I read an interesting quote this morning that really got me thinking.
Pride gets no pleasure out of having something, only out of having more of it than the next man. We say people are proud of being rich or clever or good looking, but they are not. They are proud of being richer or cleverer or better looking than others. C.S.Lewis
It puts an interesting spin on the word, “pride“, doesn’t it? It made me stop and reflect… actually, it made me crochet and reflect.
While I’m on the subject of crocheting, let me confess that I have been crocheting off and on for four days and I haven’t even come close to completing two rows. Despite receiving concentrated, one-on-one help from my very patient friend Danielle, AND watching numerous videos online, something in my brain is stopping me from catching onto this craft. I’ll tell you one thing for sure… I do not have an ounce of pride regarding my crocheting ability!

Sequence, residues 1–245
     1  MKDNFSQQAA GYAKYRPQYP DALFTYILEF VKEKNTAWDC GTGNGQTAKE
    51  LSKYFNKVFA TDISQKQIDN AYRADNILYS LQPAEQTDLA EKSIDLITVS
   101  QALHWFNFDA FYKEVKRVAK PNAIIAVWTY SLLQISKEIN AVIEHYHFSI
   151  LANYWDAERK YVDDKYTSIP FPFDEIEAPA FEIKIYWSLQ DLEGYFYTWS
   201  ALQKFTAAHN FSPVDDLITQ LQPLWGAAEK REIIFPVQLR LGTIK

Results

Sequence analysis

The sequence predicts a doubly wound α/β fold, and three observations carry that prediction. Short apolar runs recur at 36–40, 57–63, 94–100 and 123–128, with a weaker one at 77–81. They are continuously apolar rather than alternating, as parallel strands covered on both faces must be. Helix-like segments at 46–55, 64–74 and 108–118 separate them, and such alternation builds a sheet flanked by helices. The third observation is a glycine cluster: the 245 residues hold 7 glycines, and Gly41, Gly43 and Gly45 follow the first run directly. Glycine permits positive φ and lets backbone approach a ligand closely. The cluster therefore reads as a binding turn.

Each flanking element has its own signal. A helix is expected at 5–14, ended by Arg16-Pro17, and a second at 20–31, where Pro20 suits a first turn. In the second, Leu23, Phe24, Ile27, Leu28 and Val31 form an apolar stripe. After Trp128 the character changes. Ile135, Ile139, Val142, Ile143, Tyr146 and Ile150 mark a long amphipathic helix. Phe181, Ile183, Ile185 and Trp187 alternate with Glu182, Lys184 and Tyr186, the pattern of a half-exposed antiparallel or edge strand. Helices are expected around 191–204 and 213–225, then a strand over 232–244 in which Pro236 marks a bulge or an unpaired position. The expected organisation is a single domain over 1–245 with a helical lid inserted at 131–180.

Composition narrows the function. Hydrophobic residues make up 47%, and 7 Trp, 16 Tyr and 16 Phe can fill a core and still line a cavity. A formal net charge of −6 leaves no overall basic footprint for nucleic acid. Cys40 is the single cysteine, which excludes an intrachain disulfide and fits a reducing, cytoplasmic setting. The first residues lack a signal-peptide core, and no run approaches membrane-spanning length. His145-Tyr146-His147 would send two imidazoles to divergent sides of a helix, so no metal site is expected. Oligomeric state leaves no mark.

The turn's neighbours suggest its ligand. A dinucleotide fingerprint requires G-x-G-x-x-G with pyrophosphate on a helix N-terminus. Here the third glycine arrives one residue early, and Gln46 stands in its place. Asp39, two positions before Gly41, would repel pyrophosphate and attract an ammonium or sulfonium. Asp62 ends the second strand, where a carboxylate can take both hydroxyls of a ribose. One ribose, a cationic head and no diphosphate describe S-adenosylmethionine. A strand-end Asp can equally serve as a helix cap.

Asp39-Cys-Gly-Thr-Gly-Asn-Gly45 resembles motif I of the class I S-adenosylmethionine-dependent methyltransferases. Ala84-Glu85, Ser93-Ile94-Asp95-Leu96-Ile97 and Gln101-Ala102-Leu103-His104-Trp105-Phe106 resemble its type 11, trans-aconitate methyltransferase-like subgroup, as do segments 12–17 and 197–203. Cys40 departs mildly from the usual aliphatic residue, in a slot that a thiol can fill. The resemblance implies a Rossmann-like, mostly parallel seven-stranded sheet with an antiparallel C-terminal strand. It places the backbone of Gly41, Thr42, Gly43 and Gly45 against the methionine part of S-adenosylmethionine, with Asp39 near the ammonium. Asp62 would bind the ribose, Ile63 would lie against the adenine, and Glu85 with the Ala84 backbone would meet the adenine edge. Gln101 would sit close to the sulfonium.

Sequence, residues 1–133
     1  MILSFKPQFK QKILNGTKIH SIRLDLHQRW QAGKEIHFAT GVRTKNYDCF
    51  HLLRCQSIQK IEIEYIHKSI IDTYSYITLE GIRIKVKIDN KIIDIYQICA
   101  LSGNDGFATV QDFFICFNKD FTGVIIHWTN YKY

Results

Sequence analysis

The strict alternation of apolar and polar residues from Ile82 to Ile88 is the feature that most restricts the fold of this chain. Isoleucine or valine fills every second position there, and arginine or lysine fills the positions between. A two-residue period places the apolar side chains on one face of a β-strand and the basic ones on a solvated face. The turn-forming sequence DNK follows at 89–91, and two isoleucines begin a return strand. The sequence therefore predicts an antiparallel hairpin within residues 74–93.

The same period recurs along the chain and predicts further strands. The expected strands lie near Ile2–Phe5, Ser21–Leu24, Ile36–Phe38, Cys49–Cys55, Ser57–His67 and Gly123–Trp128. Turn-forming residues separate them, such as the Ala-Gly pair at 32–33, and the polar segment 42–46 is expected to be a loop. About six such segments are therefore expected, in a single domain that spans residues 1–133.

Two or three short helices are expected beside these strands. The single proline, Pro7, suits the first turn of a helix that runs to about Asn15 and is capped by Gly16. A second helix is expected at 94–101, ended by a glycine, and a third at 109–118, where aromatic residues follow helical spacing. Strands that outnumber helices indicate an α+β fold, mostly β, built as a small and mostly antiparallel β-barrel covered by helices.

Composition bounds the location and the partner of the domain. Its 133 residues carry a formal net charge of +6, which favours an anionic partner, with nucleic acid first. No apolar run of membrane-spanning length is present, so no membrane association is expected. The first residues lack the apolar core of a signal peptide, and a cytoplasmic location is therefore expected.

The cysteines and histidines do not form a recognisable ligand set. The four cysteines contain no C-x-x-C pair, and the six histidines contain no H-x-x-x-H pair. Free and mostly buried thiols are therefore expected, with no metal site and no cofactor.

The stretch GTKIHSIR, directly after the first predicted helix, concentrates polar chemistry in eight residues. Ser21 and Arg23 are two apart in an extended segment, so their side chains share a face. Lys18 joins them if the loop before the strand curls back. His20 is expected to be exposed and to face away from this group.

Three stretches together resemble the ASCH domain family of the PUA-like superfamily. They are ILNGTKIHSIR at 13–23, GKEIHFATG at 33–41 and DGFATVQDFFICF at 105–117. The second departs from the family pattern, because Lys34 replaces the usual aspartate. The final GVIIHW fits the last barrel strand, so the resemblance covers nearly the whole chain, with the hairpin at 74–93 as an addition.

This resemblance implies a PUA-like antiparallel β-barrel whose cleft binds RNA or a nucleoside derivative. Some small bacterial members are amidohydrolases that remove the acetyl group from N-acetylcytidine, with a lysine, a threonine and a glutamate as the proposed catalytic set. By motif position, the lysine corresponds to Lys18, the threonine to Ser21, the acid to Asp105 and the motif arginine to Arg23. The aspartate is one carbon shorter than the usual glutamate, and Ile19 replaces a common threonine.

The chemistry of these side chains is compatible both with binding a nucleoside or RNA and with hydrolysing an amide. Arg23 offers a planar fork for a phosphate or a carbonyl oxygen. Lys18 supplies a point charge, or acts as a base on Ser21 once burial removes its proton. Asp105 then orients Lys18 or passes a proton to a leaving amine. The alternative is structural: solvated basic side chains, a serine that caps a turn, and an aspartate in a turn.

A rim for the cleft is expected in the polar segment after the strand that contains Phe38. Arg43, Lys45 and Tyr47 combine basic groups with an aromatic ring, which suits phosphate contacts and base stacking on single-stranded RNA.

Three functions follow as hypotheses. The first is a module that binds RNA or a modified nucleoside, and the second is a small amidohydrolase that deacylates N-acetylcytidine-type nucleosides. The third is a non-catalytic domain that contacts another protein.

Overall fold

Anyway, back to this quote. This perspective tends to focus on the ugly aspect of pride. It focuses on superiority, rather than love.
Now, I realize that we live in a competitive society and there are many theorists who believe that it’s the very essence of competition that ups the ante and improves the world. I get that. Our materialistic culture has always and will continue to value a person for his/her actions rather than his/her being. Doctors are worth $100,000 + /year for their work. A student is worthy of honor if he/she makes straight A’s. People are esteemed more highly if they have executive jobs. Good professional athletes are paid lavish salaries and idealized as heroes. It’s always been that way and whether we admit it or not, we all have a tendency to look at highly accomplished people differently than others we have perceived as being average in their achievement.
I think healthy competition is good. It’s energizing to perform better than anyone else.
The problem comes when we begin to think that we are better than anyone else. That’s where the ugliness of pride comes in.
According to the Bible, we all share the same intrinsic nature and value to God. It’s challenging to treat people equally and to accept our own averageness at times. It takes discipline of mind. J.C. Ryle said that “thoughts are the parents of words and deeds. “
So, although it my take another five years to complete this crocheted blanket, I will press on, self esteem in tact.